He said that his family appreciated the government's help and that living with less would be painful for them and many other families. But he said the government could not continue to operate on borrowed money. 

    "They're going to have to reduce benefits," he said. "We're going to have to accept it, and we're going to have to suffer."

    This kind of thinking reminds me of home. I went to school with a significant number of people who were on some sort of government assistance. The projects were the most obvious, and I suspect that some portion of the violence which characterized them came from the need to control something. The others -- food stamps and welfare, for instance -- weren't generally talked about, for fear of mockery. Indeed, the first retort any black kid of my era learned was "That's why your momma on food-stamps." The other, of course, was "That's why your momma's an African Bush boogie." Not pretty. 

    What you see in both of these insults -- one socio-economic, one racial -- is a kind of self-loathing, a sense of shame. I think of the great Just Ice calling welfare "embarrassing and downright indignant" and a seed of "low self-esteem." I think about Big Daddy Kane describing a woman on welfare as, "the heavyset one with about ten children." I don't have the polling available, but my recollection is that despite the racial aspects of welfare reform, it enjoyed considerable support  in the black community.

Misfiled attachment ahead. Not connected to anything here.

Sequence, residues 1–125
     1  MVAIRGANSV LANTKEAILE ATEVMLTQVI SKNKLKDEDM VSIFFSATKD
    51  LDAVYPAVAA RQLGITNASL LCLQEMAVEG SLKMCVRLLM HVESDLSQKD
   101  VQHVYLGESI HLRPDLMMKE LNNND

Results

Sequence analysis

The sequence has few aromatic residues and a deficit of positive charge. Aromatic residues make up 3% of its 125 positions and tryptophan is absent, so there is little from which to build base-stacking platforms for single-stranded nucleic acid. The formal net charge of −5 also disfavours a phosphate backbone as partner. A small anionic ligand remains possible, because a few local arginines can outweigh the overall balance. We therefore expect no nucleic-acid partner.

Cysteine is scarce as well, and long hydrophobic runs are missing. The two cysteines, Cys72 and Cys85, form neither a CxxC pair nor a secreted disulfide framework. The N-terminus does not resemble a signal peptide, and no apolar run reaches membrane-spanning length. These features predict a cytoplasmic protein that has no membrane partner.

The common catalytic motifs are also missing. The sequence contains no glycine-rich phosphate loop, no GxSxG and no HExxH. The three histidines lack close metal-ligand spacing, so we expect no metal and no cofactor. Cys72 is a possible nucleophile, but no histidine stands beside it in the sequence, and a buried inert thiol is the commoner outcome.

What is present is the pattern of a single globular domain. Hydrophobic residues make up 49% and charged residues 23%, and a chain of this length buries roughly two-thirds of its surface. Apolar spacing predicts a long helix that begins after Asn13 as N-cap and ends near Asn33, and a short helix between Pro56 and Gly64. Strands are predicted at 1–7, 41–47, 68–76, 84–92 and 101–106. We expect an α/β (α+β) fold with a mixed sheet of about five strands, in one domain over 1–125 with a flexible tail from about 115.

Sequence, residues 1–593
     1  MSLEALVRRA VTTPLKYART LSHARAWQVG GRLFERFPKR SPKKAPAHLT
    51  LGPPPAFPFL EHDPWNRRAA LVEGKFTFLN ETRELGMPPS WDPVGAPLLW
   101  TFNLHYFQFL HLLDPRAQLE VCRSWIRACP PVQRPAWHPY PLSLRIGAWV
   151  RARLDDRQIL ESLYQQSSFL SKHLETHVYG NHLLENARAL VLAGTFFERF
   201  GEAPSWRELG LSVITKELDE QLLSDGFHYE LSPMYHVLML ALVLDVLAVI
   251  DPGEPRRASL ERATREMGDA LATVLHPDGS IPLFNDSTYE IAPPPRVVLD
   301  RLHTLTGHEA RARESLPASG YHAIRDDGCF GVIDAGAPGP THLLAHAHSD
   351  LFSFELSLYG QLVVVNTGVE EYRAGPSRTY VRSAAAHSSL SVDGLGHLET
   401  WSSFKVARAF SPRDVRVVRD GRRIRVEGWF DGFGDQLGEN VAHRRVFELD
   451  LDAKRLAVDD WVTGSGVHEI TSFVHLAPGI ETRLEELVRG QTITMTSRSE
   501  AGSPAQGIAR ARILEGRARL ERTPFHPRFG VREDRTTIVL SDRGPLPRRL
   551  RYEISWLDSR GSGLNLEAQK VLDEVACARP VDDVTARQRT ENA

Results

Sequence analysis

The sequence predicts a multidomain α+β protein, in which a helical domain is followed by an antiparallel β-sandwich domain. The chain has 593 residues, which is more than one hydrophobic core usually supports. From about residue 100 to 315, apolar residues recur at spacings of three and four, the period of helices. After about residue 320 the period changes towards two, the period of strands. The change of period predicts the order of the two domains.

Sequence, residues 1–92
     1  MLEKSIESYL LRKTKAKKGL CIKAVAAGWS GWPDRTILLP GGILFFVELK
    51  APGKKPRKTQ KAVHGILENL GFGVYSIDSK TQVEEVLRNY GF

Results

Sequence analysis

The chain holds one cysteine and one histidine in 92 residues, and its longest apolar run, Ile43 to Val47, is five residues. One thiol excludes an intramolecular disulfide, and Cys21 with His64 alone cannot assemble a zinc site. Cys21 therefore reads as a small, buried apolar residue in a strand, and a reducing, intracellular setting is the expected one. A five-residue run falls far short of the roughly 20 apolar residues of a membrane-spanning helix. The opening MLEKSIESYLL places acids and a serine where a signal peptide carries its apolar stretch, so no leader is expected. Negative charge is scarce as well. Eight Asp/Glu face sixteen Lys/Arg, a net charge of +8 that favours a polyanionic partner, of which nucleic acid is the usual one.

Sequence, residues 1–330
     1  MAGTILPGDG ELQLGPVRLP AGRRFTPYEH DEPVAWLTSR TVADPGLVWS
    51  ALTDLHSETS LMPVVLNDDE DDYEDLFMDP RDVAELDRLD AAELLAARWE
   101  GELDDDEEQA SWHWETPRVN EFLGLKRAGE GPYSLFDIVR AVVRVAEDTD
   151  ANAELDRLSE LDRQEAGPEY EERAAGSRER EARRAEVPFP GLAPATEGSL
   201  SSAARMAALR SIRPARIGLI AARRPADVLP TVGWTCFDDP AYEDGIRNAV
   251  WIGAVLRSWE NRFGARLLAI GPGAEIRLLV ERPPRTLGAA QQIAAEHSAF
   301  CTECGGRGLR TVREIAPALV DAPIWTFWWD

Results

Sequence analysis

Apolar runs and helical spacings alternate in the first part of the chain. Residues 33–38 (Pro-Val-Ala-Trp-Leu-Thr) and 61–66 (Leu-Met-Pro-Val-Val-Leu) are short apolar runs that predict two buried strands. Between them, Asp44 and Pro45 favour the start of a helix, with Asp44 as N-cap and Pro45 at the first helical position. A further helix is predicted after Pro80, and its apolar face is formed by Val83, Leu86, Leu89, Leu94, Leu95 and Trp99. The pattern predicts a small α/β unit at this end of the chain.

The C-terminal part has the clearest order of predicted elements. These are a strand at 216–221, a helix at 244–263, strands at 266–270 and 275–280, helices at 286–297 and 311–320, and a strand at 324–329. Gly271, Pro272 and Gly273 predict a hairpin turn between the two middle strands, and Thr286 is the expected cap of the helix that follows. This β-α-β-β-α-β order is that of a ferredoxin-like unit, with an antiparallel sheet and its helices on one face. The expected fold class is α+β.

The fact is that black people are Americans, and among all Americans -- and perhaps all humans -- the myth of self-reliance, for better or worse, is powerful. Has it always been this way? Are there some effects from public assistance becoming increasingly racialized? Is it some combination of both? An old self-image mutating with the racial politics of the day?

    I'm not sure. But what I strongly suspect is the sort of shame you see in Mr. Falk's is neither crazy, nor ignorant, nor shocking, once you think about it. We all want to be cowboys. More, we sometimes want leaders who push toward that imagined self, as opposed to our statistical self. 

    As I have always said, this not a matter of voting "against your interest." Your stated interest is in being a cowboy. The way to engage that person is not to condescend to them and assume they just have less information than you. It's to try to get them to game out where cowboy logic leads.

    At the end of Applebaum piece there's a disabled man who identifies as a "conservative" who beautifully demonstrates how that work looks. I won't excerpt it. I hope you guys read the whole thing. It's worth it.